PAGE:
• In an embodiment, purchase histories and coupon histories may also be shared between users. For example, if a first user routinely adds a particular item to a shopping list, the second user may be presented with a coupon offer for the particular item the next time the second user accesses a new coupon interface.
  • The above-described techniques may, of course, be extended to collaborative shopping amongst any number of users.
  • 4.0. Implementation Mechanism—Hardware Overview
  • According to one embodiment, the techniques described herein are implemented by one or more special-purpose computing devices. The special-purpose computing devices may be hard-wired to perform the techniques, or may include digital electronic devices such as one or more application-specific integrated circuits (ASICs) or field programmable gate arrays (FPGAs) that are persistently programmed to perform the techniques, or may include one or more general purpose hardware processors programmed to perform the techniques pursuant to program instructions in firmware, memory, other storage, or a combination. Such special-purpose computing devices may also combine custom hard-wired logic, ASICs, or FPGAs with custom programming to accomplish the techniques. The special-purpose computing devices may be desktop computer systems, portable computer systems, handheld devices, networking devices or any other device that incorporates hard-wired and/or program logic to implement the techniques.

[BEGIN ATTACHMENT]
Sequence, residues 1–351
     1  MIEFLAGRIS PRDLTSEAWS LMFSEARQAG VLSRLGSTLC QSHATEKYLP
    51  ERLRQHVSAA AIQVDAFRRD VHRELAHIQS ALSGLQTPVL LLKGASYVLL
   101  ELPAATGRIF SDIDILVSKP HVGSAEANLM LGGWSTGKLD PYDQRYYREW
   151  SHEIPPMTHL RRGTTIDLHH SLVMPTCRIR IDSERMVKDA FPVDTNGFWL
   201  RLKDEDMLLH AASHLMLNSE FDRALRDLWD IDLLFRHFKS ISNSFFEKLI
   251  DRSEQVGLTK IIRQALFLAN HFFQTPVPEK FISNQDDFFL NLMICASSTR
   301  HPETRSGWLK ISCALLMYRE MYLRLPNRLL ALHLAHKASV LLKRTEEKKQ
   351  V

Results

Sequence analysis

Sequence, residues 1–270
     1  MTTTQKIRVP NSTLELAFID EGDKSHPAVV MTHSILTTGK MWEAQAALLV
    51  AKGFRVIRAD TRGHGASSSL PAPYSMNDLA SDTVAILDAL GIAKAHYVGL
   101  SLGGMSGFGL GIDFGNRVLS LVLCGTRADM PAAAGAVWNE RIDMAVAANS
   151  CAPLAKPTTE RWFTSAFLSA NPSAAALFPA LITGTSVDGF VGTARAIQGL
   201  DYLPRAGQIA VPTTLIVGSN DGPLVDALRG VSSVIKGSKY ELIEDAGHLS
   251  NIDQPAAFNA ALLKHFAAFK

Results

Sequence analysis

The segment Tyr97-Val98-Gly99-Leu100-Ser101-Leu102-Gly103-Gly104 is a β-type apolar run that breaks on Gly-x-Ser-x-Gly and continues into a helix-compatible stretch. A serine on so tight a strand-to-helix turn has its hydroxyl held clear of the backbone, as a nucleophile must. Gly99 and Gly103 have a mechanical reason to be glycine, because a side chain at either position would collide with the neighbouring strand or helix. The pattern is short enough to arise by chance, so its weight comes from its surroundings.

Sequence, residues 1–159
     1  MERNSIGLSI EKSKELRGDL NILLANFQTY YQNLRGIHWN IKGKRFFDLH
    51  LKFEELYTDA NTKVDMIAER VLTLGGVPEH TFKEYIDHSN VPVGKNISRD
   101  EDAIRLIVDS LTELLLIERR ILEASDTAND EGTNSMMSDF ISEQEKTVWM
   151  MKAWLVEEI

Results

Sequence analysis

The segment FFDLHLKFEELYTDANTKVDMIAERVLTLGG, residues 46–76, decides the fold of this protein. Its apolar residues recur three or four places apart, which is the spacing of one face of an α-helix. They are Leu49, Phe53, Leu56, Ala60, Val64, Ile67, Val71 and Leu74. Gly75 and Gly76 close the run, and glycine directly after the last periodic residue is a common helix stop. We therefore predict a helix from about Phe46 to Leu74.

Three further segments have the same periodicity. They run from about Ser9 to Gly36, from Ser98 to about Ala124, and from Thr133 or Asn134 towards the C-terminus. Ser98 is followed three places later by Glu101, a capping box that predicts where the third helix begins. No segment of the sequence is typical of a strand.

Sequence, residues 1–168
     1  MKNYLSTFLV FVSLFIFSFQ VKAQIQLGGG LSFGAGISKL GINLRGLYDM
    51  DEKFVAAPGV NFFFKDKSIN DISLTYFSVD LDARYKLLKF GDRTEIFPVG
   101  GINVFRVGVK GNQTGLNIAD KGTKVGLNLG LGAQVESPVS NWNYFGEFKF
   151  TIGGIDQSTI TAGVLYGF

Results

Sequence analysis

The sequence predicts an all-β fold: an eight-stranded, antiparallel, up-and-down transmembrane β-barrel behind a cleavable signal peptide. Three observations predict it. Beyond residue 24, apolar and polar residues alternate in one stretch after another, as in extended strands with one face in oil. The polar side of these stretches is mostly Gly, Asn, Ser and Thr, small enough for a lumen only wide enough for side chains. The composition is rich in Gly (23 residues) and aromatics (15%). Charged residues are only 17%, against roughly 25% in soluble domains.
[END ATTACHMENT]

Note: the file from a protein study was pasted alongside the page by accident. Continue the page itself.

• For example, FIG. 8 is a block diagram that illustrates a computer system 800. Computer system 800 includes a bus 802 or other communication mechanism for communicating information, and a hardware processor 804 coupled with bus 802 for processing information. Hardware processor 804 may be, for example, a general purpose microprocessor.